Chi Liu, MD
Chi Liu, MD
Resident Physician · Chapel Hill, NC

UNC Project-Malawi

July 24th
Lilongwe, Malawi

Project Description

The UNC Project-Malawi is a collaboration between the University of North Carolina (UNC) and the Malawi Ministry of Health. It provides free medical care to more than 1,700 patients every week at Kamuzu Central Hospital (KCH), Bwaila District Hospital, Lighthouse HIV Clinic, and antenatal and gynecological clinics; as a pediatrician in training, I will spend a month there providing care to children on the pediatric wards and in the emergency department, treating conditions ranging from dehydration and malnutrition to malaria and HIV.

The UNC Project-Malawi promotes exchange between residents from the US and physicians in Malawi, in hope to improve practices, standardize therapies, and ultimately reduce mortality. In addition to treating children in the hospital, I hope to make a difference by contributing to this collaboration to help improve care for the children KCH serves.

Population Served

Among the least developed and most impoverished countries, Malawi has a population of 18 million, more than half of whom live below the international poverty line. Its healthcare system ranks 185 out of 191 countries, according to a World Health Organization report, and most Malawians have limited access to healthcare. HIV, malaria, diarrheal dehydration, malnutrition, and sepsis account for a significant number of admissions to the hospital. As a tertiary referral center located in Lilongwe, the capital of Malawi, KCH admits up to 100 children every day. Recent collaborative efforts between Malawian partners and US-based institutions, including UNC, have reduced the pediatric mortality rate at KCH from >10 to <4% since 2011. To achieve further progress and improve survival rates of pediatric patients at KCH, more standardized medical care for the most common medical conditions afflicting the Malawian children is necessary. This is possible through UNC Project-Malawi's research, training and patient care.

Expected Impact

The mission of UNC Project-Malawi is to identify innovative, culturally acceptable, and affordable methods to improve the health of the people of Malawi, through research, capacity building, and care. It does so by collaborating between UNC and KCH, allowing physicians to work together and learn from each other, through our differences. The expected impact is better patient care and lower mortality rate, by improving and standardizing medical practices.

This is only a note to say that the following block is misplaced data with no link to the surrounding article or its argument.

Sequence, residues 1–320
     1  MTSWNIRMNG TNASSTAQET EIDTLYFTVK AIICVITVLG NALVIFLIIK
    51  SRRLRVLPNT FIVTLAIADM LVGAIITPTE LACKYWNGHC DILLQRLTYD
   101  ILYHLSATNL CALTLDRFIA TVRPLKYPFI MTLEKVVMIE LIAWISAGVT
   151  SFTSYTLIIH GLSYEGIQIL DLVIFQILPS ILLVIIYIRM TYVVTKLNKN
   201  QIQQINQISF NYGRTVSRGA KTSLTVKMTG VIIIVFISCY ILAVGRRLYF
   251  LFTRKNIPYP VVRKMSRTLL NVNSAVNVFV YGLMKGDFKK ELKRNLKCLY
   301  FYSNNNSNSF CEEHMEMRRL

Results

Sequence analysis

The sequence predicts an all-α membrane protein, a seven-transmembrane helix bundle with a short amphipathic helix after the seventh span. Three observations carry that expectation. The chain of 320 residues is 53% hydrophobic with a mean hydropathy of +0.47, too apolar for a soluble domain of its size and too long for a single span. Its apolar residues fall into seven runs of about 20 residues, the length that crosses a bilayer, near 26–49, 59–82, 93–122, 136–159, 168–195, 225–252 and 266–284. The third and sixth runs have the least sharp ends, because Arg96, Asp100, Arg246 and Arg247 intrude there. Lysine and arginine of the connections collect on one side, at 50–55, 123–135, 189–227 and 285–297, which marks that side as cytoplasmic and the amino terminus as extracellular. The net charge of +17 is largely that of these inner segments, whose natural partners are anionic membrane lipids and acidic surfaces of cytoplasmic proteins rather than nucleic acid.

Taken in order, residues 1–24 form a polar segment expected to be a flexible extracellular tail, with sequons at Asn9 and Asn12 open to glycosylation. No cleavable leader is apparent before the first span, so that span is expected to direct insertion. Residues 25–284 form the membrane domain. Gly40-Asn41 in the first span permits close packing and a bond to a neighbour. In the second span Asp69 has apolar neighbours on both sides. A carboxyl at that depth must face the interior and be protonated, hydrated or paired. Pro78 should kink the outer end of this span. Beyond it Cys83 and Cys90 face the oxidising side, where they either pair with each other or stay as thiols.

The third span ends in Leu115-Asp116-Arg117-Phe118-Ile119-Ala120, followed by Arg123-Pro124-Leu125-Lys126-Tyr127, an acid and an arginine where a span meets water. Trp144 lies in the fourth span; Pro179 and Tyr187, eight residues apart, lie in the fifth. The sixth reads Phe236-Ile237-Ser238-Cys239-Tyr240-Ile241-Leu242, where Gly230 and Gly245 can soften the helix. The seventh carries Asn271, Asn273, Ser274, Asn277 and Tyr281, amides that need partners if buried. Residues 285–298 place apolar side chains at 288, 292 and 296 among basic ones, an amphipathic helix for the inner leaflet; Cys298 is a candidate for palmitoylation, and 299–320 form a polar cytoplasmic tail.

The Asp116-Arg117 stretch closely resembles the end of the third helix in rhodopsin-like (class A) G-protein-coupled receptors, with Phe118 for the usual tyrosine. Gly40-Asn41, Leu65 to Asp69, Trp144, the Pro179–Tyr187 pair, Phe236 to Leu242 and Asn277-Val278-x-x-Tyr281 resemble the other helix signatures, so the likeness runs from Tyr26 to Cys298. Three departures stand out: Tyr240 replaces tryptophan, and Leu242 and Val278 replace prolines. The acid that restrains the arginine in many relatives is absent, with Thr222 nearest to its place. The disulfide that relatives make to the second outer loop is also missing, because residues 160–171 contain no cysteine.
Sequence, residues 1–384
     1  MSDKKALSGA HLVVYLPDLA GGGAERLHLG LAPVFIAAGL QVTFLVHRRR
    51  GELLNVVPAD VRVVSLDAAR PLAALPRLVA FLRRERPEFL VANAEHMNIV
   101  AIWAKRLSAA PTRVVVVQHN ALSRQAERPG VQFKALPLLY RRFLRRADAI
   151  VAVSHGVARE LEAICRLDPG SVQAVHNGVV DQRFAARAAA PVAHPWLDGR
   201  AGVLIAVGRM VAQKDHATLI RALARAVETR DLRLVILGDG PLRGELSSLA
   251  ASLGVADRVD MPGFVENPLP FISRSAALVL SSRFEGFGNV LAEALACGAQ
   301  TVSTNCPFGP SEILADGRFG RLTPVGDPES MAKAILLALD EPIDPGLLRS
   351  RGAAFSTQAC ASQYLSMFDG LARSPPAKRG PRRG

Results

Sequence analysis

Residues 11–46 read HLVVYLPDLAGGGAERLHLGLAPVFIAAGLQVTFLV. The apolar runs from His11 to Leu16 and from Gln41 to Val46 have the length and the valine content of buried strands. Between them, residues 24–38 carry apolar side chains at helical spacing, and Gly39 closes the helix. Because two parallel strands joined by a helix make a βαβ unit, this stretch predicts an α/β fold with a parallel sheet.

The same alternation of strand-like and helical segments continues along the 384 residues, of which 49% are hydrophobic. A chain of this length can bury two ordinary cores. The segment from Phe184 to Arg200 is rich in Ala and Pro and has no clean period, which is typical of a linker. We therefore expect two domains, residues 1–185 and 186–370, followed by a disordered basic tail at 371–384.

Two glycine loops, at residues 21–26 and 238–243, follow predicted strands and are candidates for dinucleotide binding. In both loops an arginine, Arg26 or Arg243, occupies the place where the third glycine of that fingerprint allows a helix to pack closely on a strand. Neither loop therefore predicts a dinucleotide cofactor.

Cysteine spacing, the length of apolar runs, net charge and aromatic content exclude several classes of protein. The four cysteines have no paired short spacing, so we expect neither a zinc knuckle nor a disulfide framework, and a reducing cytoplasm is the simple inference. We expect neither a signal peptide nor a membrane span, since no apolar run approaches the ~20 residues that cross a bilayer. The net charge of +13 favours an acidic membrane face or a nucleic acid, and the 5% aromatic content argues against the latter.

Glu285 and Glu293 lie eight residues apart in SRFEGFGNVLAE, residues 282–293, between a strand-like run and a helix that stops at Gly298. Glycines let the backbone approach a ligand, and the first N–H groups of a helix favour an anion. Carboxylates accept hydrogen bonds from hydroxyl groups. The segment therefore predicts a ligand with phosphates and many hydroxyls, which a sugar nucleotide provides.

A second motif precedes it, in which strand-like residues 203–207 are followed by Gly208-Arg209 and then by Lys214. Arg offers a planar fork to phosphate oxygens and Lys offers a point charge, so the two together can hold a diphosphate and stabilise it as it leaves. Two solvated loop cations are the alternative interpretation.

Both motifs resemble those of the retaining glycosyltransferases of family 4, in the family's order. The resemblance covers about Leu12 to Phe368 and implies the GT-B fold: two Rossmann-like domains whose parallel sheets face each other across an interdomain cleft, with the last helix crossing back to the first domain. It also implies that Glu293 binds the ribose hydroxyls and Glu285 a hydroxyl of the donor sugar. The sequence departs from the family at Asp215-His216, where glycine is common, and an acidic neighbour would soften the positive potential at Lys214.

In addition to providing care and improving practices at KCH, I hope that traveling to, and practicing medicine in another country will allow me to treat conditions and diseases not commonly seen in the US; it will also help me learn to treat people with backgrounds and beliefs different from mine with respect and cultural awareness. I hope this will be the first global health trip of many, and I can continue to contribute to healthcare in Malawi and around the world in the future.

Trip Photos & Recap

I worked in the pediatric wards of Kamuzu Central Hospital in Lilongwe, the capital of Malawi. We treated children for a wide variety of illnesses, including infections, gastroenteritis, malnutrition, and trauma. Many diseases, such as malaria and TB, are uncommon in the US.

It was quite overwhelming when I first got there. Even though medicine is supposed to be universal, how it is practiced is quite different. Very soon, however, the local trainees would come to me for advice, and it ended up being a collaboration between me and them to figure out the diagnoses and come up with management plans with what was available.

It was hard to see so many sick children, and it was incredibly rewarding to see them get better. I learned so much from the local physicians and trainees and enjoyed working with them tremendously. I had to rely more on clinical skills and critical thinking and less on tests and imaging, and improvise with what we had.

When I was not working in the hospital, I got to travel to Lake Malawi, Liwonde National Park, and one Saturday, I went to an orphanage with the community health workers. The children there did not speak a word of English but loved playing with and getting chased by a foreigner. We helped clean their school, had fun doing it, and watched the hospital team played against their local team in football after.

The mouth went by quickly, and it was an incredible experience. The people there were so kind and appreciative of us. The children were amazing and resilient. I hope I will get to go back one day.